“Miracle Workers” debuted Tuesday on TBS. Here are some key points on the new series.
WHAT IT’S ABOUT: God (Steve Buscemi) runs Earth from his aerie in the corporate offices of Heaven Inc., a sprawling corporation in (well) heaven that employs thousands of angel workers who run various departments that have direct bearing on every facet of reality on Earth, from the making of clouds or snowflakes to the control of human affairs. In one office, the department of unanswered prayers, Craig (Daniel Radcliffe) — who is overwhelmed by the volume of requests — gets help from Eliza (Geraldine Viswanathan).
Meanwhile, God has decided to obliterate Earth so that he can begin work on his next big project (a chain of restaurants). Horrified, Craig and Eliza beg him to spare the Earth. God makes a bet with them: If they can make two people down here, Laura (Sasha Compère) and Sam (Jon Bass) fall in love, then he’ll spare the planet.
This Lorne Michaels-produced, seven-episode series is based on Simon Rich’s (FX’s “Man Seeking Woman”) comic novel, “What in God’s Name.”
MY SAY: “Miracle Workers” imagines a God who is unengaged, unkempt, capricious, casually cruel, bored, narcissistic, also mean spirited, illiterate and not particularly bright. There have been other variations of this sort of God throughout history, like Descartes’ Evil Demon or the Neoplatonic “demiurge.” This, however, is the first instance of a God who looks like Steve Buscemi.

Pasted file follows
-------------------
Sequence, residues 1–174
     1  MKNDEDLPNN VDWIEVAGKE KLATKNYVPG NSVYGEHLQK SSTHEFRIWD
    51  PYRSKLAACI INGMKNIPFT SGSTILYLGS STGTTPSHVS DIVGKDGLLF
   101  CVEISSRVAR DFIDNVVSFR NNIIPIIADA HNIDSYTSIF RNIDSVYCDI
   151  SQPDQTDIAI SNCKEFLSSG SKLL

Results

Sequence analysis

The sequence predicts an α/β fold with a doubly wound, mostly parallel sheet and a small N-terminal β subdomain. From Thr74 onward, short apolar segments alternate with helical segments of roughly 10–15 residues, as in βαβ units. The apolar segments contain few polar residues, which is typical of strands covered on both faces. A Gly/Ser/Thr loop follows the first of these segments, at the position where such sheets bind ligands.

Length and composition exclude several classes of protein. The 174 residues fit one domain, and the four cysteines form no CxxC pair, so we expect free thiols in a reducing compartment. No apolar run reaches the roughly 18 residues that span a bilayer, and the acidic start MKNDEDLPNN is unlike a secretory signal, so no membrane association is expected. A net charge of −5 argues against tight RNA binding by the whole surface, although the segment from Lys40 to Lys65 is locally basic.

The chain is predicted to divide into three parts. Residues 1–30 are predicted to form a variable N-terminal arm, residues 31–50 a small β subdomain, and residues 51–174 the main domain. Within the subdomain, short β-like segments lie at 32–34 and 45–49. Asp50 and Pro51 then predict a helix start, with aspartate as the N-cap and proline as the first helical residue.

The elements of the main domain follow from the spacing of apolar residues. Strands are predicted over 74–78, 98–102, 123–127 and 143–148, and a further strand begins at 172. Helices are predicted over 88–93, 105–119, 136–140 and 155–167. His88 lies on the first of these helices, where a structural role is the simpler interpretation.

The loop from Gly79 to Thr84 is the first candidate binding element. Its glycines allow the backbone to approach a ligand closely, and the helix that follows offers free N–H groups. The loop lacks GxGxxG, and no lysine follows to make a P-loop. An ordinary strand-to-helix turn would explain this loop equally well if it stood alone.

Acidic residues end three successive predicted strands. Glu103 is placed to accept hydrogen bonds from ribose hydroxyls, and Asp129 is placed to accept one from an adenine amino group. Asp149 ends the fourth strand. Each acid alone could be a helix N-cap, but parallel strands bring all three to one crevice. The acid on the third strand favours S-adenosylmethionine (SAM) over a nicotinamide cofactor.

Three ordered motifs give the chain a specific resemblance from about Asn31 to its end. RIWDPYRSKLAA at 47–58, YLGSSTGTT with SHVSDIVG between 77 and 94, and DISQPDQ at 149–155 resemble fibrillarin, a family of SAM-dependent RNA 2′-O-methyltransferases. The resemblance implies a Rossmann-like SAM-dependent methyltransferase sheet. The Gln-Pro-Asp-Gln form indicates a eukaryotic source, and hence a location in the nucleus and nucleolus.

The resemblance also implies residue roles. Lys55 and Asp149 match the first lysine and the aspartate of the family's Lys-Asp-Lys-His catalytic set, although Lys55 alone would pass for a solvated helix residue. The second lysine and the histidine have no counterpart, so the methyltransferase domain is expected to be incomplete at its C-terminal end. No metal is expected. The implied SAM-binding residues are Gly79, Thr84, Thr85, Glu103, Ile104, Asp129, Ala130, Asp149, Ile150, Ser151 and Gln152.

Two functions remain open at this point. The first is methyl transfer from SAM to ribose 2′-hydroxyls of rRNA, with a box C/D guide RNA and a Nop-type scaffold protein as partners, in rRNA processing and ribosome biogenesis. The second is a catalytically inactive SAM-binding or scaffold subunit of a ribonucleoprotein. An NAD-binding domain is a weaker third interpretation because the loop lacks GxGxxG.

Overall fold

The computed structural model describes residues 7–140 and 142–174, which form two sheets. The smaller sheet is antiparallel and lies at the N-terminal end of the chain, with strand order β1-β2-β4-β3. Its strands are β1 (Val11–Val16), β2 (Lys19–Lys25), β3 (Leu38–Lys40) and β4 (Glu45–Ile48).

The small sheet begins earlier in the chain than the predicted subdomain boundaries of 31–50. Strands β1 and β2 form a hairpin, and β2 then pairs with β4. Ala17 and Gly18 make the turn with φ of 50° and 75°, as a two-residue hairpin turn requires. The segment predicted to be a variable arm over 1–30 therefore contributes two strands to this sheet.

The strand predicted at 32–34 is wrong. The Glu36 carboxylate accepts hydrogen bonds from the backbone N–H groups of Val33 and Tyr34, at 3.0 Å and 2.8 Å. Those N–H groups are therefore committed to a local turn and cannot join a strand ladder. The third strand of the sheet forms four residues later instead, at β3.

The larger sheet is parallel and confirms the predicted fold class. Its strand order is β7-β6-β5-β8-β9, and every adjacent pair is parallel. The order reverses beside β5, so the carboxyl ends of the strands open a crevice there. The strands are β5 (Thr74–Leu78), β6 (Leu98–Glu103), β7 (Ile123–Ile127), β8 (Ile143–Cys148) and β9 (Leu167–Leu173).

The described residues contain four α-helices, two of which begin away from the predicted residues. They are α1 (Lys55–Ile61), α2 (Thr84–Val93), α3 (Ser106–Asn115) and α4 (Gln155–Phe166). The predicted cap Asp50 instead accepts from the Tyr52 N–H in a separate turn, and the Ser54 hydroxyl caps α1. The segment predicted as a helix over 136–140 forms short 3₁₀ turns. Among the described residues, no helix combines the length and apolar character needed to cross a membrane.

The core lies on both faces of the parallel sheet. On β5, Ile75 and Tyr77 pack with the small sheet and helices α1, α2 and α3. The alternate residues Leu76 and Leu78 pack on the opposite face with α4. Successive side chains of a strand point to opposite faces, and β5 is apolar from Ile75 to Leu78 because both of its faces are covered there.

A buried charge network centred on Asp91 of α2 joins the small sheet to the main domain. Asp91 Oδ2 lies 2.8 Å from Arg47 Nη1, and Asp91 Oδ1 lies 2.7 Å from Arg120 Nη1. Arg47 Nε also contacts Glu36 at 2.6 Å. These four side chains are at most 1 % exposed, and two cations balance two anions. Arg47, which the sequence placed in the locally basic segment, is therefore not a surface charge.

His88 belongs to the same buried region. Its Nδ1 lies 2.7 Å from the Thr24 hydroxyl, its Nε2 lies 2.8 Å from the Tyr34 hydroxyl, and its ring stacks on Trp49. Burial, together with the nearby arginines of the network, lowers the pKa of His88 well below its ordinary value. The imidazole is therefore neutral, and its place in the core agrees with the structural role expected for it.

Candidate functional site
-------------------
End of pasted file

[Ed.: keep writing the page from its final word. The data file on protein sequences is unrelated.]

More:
A God who looks like Valley Stream native Buscemi is only half the joke and not even the better half of it: This is also the Buscemi of “Boardwalk Empire” (Nucky Thompson) and “30 Rock” (Lenny Wosniak), as well as “The Sopranos” (Tony Blundetto, “Spy Kids” (Romero), “The Big Lebowski,” “The Wedding Singer,” “Fargo” and just about any other Buscemi movie or TV character that comes to mind. They’re all variations of the same theme, or same Buscemi, anyway — slightly unhinged, slightly demonic, effortlessly comic (even when they’re not supposed to be).
His God is also an incompetent overseer of a hopelessly antiquated corporation that still uses pneumatic tubes for interoffice memos in a workplace that looks like it could use a fresh coat of paint to cover the gum holding the place together. The decision-making process is Rube Goldbergian, while the consequences of those decisions are almost invariably unintended and catastrophic. That’s why God takes the bet with Craig and Eliza. What could go wrong? From their perspective, just about everything.
Meanwhile, think of all this series as one long joke, off which break little eddies of jokes, and from these more eddies still, until “Miracle Workers” presents as one big frothy multitudinous collection of them. A few of those jokes and gags — most of them really — circle quickly down the drain, out of sight. (Thankfully too — like an extended bit about God’s punishment of Bill Maher.)
Fewer don’t, unfortunately, although at least the best gags are funny indeed.
The rest of the cast is good, from the hopeless unrequited lovebirds Sam and Laura, to God’s righthand hatchet man, Sanjay (Karan Soni). Radcliffe — who couldn’t mess up a role if he worked at it, even one as slight as Craig — and Viswanathan have some chemistry, which should help them through the next chapter.
And that’s where the real problem presents itself: There’s another season to go after this, maybe more? There is, and after sitting through almost four hours of “Miracle Workers” (best to binge, by the way, when its TBS run is complete) you may come to the same conclusion I did. This joke runs long and eventually dry, too. One season is more than enough.
BOTTOM LINE: Some genuine charm here and Buscemi; otherwise premise, story and that joke get old — fast.